Gov. Kim Reynolds has announced that she will amend her proposal to overhaul the state’s system of providing special education services, following criticism from educators, parents, and lawmakers.
What is the original plan and why is it controversial?
Reynolds’ original plan, introduced as Senate Study Bill 3073 and House Study Bill 542, would give school districts more control over how they use the state and federal funding for special education services, which currently goes to the area education agencies (AEAs). The AEAs are regional entities that provide a range of services to schools, such as special education, professional development, media, and technology.
The governor said her plan was aimed at improving the outcomes for students with disabilities, who have been lagging behind their peers in academic achievement and graduation rates. She also said the plan would increase accountability and transparency by shifting the oversight of special education from the AEAs to the Iowa Department of Education.
However, the plan faced strong opposition from many stakeholders, who argued that it would undermine the role and funding of the AEAs, which have been serving the state’s schools for over 40 years. They also expressed concerns that the plan would create inequities among districts, especially those in rural areas that rely heavily on the AEAs for support. Some also questioned the timing and urgency of the plan, which was introduced without much consultation or input from the education community.
How will the plan be changed and what are the implications?
In response to the feedback, Reynolds said she and lawmakers are working on an amendment that will address some of the concerns raised by the critics. The amendment will propose:
- Automatically shifting the control of state and federal special education funding from the AEAs to the school districts.
- Allowing schools to retain their share of AEA funding for general education services, such as media and technology.
- Continuing to provide all special education services by the AEAs, including Child Find and Early ACCESS for children from birth to three years of age.
- Allowing schools to request and receive general education services and media services from the AEAs, subject to the approval of the Department of Education.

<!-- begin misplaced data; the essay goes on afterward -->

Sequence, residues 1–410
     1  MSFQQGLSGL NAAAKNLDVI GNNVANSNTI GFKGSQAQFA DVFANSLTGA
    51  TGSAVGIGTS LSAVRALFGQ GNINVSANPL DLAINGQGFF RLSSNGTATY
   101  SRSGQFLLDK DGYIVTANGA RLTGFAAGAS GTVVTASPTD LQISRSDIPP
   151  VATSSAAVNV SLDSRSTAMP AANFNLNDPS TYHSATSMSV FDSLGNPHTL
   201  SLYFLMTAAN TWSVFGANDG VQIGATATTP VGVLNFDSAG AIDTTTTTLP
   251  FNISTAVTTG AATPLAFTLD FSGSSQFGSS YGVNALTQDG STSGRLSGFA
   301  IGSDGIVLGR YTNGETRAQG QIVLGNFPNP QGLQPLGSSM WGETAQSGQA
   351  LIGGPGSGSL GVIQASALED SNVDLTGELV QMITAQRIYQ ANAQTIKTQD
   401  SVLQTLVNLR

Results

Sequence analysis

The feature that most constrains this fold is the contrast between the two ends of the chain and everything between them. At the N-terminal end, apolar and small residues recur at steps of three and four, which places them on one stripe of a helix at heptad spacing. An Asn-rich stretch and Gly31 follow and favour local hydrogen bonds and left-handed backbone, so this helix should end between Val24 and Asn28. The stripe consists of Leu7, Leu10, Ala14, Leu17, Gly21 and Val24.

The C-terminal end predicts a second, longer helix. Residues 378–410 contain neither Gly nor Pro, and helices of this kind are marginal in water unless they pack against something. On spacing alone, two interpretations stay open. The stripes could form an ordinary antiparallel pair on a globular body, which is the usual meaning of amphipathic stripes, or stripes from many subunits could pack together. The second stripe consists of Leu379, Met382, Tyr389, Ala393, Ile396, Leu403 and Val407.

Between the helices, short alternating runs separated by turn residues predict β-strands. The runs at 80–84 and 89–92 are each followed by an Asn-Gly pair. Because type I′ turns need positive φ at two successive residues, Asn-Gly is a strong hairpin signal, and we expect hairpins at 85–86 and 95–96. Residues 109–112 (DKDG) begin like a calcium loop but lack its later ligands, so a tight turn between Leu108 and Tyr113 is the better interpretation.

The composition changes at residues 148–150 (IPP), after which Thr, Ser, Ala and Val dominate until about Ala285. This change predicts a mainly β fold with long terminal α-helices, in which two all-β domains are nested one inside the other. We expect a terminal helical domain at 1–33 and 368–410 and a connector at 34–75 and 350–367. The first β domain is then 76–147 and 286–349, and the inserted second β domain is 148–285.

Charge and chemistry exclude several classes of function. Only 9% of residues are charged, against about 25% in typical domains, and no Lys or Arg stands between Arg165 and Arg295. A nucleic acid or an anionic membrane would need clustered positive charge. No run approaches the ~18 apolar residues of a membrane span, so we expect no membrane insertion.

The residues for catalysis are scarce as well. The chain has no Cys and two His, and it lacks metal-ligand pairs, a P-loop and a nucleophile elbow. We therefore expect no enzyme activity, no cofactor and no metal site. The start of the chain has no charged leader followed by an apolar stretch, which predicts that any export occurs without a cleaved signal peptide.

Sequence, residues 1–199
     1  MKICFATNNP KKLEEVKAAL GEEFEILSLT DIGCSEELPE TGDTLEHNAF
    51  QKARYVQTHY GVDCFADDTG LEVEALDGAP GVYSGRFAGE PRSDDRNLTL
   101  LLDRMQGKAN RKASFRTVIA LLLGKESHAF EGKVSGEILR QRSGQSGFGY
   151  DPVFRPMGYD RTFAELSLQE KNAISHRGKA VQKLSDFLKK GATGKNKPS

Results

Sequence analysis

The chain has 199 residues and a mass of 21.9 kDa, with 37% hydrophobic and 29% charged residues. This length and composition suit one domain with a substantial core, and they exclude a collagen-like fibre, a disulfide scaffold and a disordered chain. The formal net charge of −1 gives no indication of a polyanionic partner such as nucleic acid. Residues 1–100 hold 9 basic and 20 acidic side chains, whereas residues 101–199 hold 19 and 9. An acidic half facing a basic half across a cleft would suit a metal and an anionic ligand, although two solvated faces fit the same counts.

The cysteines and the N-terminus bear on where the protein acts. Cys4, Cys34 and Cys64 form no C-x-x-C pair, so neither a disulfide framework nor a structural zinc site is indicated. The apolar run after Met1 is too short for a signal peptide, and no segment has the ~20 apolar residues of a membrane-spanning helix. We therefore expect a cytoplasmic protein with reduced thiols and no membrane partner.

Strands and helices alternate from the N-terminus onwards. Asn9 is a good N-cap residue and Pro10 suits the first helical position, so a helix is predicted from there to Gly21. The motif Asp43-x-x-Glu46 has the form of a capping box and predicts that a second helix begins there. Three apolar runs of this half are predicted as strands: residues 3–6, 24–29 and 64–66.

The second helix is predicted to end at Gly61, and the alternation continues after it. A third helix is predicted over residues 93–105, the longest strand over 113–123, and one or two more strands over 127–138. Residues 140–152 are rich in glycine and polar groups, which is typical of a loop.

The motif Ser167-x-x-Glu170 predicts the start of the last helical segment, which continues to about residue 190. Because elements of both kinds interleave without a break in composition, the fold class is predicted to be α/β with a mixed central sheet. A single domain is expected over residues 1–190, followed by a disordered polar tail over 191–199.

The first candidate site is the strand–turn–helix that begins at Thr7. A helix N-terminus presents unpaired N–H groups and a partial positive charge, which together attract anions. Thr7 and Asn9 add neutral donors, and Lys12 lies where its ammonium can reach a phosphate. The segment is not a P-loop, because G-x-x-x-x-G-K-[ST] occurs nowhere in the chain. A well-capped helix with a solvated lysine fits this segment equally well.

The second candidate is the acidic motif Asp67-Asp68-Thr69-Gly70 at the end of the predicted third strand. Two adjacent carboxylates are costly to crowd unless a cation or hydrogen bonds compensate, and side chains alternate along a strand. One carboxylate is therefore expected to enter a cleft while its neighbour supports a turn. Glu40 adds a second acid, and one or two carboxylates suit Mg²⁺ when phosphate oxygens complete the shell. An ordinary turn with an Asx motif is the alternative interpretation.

- Shifting the oversight of special education from the AEAs to the Department of Education.
Reynolds said the amendment will ensure that the students with disabilities receive the world-class education they deserve, while also preserving the role and funding of the AEAs. She said she is open to further discussions and suggestions to improve the plan.
The amendment is expected to be introduced in the legislative session soon. It is unclear how it will be received by the education community and the lawmakers, who have been divided on the issue. Some have praised the governor for listening to the feedback and making changes, while others have remained skeptical or opposed to the plan.
What are the challenges and opportunities for special education in Iowa?
The debate over the governor’s plan has highlighted the challenges and opportunities for special education in Iowa, which serves about 80,000 students with disabilities, or 14% of the total student population.
According to the latest data from the Department of Education, Iowa ranks 41st in the nation in the graduation rate of students with disabilities, at 72.5%, compared to the national average of 80.6%. Iowa also ranks 48th in the nation in the gap between the graduation rates of students with and without disabilities, at 16.9 percentage points, compared to the national average of 9.6 percentage points.
The Department of Education has acknowledged the need to improve the outcomes for students with disabilities and has launched several initiatives, such as the State Systemic Improvement Plan, the Iowa IDEA Determinations Process, and the Special Education Advisory Panel. The department has also received a $1.5 million grant from the U.S. Department of Education to support the implementation of evidence-based practices in special education.
The governor’s plan, whether in its original or amended form, will have a significant impact on the delivery and quality of special education services in Iowa. It will also affect the collaboration and coordination among the various stakeholders, such as the school districts, the AEAs, the Department of Education, the parents, and the students. The plan will require careful evaluation and monitoring to ensure that it achieves its intended goals and does not create unintended consequences.